BTU is the acronym for British Thermal Unit. One BTU is the amount of heat energy needed to increase the temperate of one pound of water one degree Fahrenheit.

BTUs are used as a common metric to gauge and compare the amount of heat they generate or the amount of electricity they use. Home heating systems and cooking appliances, such as stove tops commonly use BTUs to describe their heat output.

Building Code

A building code is a set of minimum standards for construction of a building. Building codes often pertain to structural and fire safety. Building codes are generally set at the state level and help ensure that all construction meets an agreed-upon minimum standard of safety and comfort.

The term building code, as it is commonly used, rarely, if ever, pertains to green building standards, as those are always higher than building codes.

Building Envelope

NOTE: A building envelope is one of the most vital parts of an energy efficient home and is important to understand.

A building envelope refers to those elements that divide the home’s inside, conditioned spaces from the home’s non-conditioned spaces and the outdoors. Conditioned spaces are the parts of your home you use energy to heat and/or cool.

Non-conditioned areas of the home usually include the garage, porch, deck, and sometimes the attic.

Elements of a home’s envelope include the foundation, exterior walls and framing, insulation, air sealing, vapor barriers, wind barriers, drainage planes, exterior windows and doors, attic floor, and/or roof.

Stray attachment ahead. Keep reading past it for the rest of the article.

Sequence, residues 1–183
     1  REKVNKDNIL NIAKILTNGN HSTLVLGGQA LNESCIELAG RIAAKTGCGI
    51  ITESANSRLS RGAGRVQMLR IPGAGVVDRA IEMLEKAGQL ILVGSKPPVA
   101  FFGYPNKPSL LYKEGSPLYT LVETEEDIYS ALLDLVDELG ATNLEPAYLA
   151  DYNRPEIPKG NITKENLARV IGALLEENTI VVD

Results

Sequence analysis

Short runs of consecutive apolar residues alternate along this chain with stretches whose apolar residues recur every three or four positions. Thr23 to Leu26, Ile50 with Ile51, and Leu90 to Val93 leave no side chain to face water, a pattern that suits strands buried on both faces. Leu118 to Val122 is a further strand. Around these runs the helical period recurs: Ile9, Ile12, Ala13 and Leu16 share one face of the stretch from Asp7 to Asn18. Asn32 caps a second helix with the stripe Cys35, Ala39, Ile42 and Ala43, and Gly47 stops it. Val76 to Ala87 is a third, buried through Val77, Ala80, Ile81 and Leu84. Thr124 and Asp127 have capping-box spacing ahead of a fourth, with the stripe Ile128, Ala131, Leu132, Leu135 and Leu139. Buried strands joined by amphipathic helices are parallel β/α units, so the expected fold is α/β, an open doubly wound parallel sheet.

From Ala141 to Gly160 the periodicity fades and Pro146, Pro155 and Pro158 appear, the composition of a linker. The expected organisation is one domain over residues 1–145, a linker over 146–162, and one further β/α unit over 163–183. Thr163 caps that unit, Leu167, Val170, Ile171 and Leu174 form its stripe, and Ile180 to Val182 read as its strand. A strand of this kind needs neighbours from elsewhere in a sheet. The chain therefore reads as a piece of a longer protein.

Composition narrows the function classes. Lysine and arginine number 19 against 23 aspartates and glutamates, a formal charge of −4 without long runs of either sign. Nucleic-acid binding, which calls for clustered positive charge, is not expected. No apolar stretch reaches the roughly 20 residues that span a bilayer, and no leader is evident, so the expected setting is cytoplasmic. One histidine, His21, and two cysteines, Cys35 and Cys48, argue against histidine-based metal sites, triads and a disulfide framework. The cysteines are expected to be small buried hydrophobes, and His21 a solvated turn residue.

The quality of a home’s envelope, including its strength, insulative qualities, it being airtight, and acting as a vapor/moisture barrier are critical to a green home’s energy performance, indoor air quality, comfort, and health.

Green homes have envelopes with superior insulation and that are essentially airtight. The insulation and airtight nature of the envelope is, in large part, what makes your home energy efficient.

home envelope illustration

Red Outline is Home’s Building Envelope

Building Science

Building science is a scientific approach to the design and construction of buildings. It includes the physics, chemistry, math, engineering, materials, construction methods, and testing that go into building higher performing homes and commercial buildings.

It is important to have a clear understanding of building science to build high-performance, green, LEED-rated, Passive House-certified, sustainable homes.

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Carbon Dioxide (CO2)

Carbon dioxide or CO2 is the most prevalent of the greenhouse gases. It is primarily caused by burning fossil fuels, but it can also come from other sources such as burning biomaterials like wood and naturally occurs from sources including animal respiration, ocean-atmosphere exchange, and volcanic activities.

Also see CO2E and Greenhouse Gases

Carbon Footprint

A person’s or family’s carbon footprint is the sum total of all the carbon and other greenhouse gases caused by how you live your life.